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Answer to the Letter to the Editor of A. Agarwal et al. concerning “Rod fracture lengthening intervals in traditional growing rods: is there a relationship?” by P. Hosseini et al. Eur Spine J (2016); doi:10.1007/s00586-016-4786-8

We would like to thank the authors of this letter for their interest in our study [1]. To address their concerns, we would like to make it clear that the purpose of the current study was to determine whether there is a relationship between lengthening intervals and incidence of rod fracture in traditional growing rod (TGR) surgery. This study was not designed to validate previously reported finite element analysis (FEA) findings with clinical data. Therefore, the authors’ comment, “The premise of their research was to test the conclusion of our previously published article(s), in a clinical scenario” is not correct.

They have commented that current study is not considering the magnitude of forces and, therefore, misunderstanding the FEA results. They also mentioned the ideal way to study shorter lengthening interval effects on rod fracture in a clinical setting is achievable through studying magnetically controlled growing rods (MCGR). In response, we feel it is important to outline the following points:

  • Currently, the majority of experts recommend six-month distraction intervals of traditional growing rods (TGR). However, based on the clinical data only 24% of surgeons are following this recommendation [2], which strongly suggests the existence of a high degree of variation in lengthening intervals in TGR cases. In this study, we aimed to determine whether there is any correlation between lengthening intervals and rod fracture in TGR. In this context, the literature search for clinical evidence was inconclusive. For that reason, the current study gained the merit for investigation due to its novelty in the clinical field.

  • Regarding the suggestion to consider “actual magnitude of forces” with different lengthening intervals, it is important to keep in mind that there are two basic types of risk factors for implant-related complications (IRC) in a clinical setting: modifiable and non-modifiable. Lengthening interval falls into the modifiable category that clinicians can control. On the other hand, the magnitude of exerted forces is non-modifiable in clinical setting. With currently available technology, the measurement of exerted forces on implanted rods is not possible. We are hopeful that future implant systems can address this shortfall.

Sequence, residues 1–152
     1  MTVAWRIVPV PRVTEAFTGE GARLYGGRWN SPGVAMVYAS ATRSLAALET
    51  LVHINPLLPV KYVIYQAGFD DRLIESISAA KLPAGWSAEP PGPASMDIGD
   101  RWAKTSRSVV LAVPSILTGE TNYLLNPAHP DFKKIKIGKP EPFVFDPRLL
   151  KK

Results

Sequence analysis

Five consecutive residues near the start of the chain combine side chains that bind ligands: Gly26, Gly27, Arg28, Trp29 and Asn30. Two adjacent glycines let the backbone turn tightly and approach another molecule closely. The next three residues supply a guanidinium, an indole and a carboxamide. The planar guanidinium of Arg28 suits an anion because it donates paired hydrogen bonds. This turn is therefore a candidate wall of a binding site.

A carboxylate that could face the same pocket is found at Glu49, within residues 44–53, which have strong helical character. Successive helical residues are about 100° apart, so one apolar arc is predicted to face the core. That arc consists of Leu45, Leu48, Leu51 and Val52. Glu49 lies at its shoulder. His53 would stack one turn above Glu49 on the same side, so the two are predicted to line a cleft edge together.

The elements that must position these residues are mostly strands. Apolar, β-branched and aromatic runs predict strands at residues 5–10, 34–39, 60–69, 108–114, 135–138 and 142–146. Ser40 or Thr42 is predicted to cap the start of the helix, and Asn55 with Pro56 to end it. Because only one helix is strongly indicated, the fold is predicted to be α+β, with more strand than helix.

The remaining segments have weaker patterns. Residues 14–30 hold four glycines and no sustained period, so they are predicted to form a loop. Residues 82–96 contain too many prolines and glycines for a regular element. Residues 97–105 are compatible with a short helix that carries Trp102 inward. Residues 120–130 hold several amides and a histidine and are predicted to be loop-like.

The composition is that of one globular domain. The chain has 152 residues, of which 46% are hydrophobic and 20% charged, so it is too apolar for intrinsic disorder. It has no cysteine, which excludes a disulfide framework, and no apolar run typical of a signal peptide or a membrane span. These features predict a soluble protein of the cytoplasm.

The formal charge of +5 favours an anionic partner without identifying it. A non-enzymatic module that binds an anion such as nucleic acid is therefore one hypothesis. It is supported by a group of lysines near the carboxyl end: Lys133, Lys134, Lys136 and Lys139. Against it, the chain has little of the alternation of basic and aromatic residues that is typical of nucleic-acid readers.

• In line with the recommendation on studying MCGR, we are in agreement and we have proposed the study of correlation between lengthening intervals and rod fracture in MCGR in the last paragraph of the discussion section of the current article and a randomized trial of different lengthening intervals is underway.

References

  1. Hosseini P, Pawelek JB, Nguyen S, Thompson GH, Shah SA, Flynn JM et al (2016) Rod fracture and lengthening intervals in traditional growing rods: is there a relationship? Eur Spine J. doi:10.1007/s00586-016-4786-8

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  2. Yang JS, McElroy MJ, Akbarnia BA, Salari P, Oliveira D, Thompson GH et al (2010) Growing rods for spinal deformity: characterizing consensus and variation in current use. J Pediatr Orthop 30(3):264–270

    Article  PubMed  Google Scholar 

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Correspondence to Pooria Hosseini.

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Hosseini, P. Answer to the Letter to the Editor of A. Agarwal et al. concerning “Rod fracture lengthening intervals in traditional growing rods: is there a relationship?” by P. Hosseini et al. Eur Spine J (2016); doi:10.1007/s00586-016-4786-8. Eur Spine J 26, 1698 (2017). https://doi.org/10.1007/s00586-017-5103-x

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  • DOI: https://doi.org/10.1007/s00586-017-5103-x

Keywords

  • Public Health
  • Clinical Data
  • Clinical Setting
  • Finite Element Analysis
  • Literature Search